Bloodhound opened their new Technical Centre in Avonmouth, Bristol, yesterday in conjunction with the announcement they will receive a £1m government grant.
The Bloodhound SSC will be assembled in the Avonmouth centre as it aims to be the first vehicle on land to exceed 1,000mph.
The project has been a great success at inspiring children by demonstrating what is possible from UK engineering. The opening was attended by both engineers and young students.
To recognise the company’s achievement in teaching children about science, technology, engineering and mathematics (STEM) universities and science minister David Willetts announced a £1m grant to support Bloodhound’s education and outreach missions.
Mr Willetts said the project’s success “will not only be measured in miles per hour, but also how it inspires future generations”.
Bloodhound’s high technology programme involves 5,340 schools in the UK, including special needs colleges, using Bloodhound materials in class. The programme is funded by the Engineering and Physical Sciences Research Council (EPSRC).
Jess Herbert, 16, an engineering apprentice at Rolls-Royce, said the ambition and the excitement shown by the Bloodhound project set her on a career path in engineering.
“I first heard about the Project when I was 13 and thought it was incredibly ambitious and exciting. It really showed what engineering is all about: the challenge, the creativity, the teamwork and the problem solving. It helped me realise that this is the career path I wanted to follow. So here I am today, one of 12 Rolls-Royce apprentices, thanks to Bloodhound.”
Conor La Grue, product sponsorship lead at Bloodhound SSC, said the project was finally coming together after a lot of work to get to the stage that the project is currently at.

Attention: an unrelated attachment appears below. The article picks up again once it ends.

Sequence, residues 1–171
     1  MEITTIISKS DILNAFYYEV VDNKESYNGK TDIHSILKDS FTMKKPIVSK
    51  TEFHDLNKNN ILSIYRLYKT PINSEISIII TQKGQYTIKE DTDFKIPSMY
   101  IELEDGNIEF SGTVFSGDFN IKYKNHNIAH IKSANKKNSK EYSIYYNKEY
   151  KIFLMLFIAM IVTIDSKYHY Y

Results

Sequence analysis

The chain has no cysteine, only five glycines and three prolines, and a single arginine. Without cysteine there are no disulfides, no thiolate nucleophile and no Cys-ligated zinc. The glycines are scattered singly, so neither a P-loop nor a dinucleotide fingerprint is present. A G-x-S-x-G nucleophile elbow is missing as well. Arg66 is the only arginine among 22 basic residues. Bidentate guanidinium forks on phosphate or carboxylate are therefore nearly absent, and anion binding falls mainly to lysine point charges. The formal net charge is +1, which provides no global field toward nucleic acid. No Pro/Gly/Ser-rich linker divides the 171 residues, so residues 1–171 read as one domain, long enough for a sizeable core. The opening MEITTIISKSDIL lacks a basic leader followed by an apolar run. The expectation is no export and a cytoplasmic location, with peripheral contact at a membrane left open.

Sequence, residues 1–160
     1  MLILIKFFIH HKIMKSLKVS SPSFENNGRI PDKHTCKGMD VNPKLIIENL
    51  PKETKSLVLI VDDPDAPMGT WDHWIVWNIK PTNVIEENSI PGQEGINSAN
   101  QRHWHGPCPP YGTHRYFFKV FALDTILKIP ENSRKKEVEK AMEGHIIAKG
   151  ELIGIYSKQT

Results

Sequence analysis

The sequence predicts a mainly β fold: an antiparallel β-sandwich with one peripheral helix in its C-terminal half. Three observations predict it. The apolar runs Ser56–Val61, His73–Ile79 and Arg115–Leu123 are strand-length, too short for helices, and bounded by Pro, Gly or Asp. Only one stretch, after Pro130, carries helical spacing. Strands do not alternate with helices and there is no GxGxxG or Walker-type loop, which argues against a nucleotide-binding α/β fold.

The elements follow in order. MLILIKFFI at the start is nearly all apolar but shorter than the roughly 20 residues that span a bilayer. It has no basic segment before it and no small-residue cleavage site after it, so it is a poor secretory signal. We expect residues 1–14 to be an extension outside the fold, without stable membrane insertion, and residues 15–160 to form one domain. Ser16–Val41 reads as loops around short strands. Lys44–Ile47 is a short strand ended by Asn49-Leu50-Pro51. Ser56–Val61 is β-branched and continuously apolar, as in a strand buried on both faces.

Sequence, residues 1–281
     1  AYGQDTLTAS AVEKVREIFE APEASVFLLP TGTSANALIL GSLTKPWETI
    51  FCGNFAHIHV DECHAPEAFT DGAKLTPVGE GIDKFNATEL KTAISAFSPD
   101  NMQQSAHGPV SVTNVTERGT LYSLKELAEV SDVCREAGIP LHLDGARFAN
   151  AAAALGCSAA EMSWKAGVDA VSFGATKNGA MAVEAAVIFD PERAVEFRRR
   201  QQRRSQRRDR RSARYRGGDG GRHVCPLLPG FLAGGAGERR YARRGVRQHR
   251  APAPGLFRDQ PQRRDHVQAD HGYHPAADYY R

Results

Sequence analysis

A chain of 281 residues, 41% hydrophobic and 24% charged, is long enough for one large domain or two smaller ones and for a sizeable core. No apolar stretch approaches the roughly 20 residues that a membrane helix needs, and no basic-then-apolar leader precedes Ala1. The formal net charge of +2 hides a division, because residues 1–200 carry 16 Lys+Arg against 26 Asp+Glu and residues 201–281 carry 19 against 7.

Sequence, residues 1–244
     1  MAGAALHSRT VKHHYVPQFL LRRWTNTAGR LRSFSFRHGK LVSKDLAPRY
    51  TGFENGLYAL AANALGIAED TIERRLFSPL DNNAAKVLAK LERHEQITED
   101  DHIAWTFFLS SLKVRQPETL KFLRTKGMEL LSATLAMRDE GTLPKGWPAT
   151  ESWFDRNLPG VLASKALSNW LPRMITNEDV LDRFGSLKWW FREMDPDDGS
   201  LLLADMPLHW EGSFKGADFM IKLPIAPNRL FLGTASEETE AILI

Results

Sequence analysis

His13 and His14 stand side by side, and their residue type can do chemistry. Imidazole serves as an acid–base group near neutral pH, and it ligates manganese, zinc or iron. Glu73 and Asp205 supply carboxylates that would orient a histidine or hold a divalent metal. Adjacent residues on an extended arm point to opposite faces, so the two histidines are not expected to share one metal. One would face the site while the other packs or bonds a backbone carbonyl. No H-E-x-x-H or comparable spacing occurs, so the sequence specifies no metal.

“It’s a really exciting time to see these new bits come in and the final bits of the car get detailed and designed. It’s really coming together now, it’s been a long road to get to the point where we start to see these big chunks.
“Now we’ve got this new building, we’ve got the space to do all the different assemblies. We’ve got a strategy together to get the car as fast as we can.”
Mr La Grue said it was unrealistic to think a project like the Bloodhound SSC could be manufactured entirely in the UK, but hailed support from across the industry.
“The vast majority of the parts were made in the UK. There were key partners outside the UK making material and components beacuse the truth of it is you couldn’t manufacture what is effectively a fast fighter jet project entirely in the UK, we just don’t have the resources anymore.
“But we have had incredible support from the UK industry and the 180 key manufacturing partners, 90% of them are UK based and SMEs and a huge proportion of them provided their services either free of charge or at a near cost rate and effectively sponsored the part that they’re making.
“So we’ll end up having spent £2.5m to deliver a £20m+ supply chain spend which when you consider what we’re producing and the engineering question it has to answer, it’s a pretty remarkable rate really.”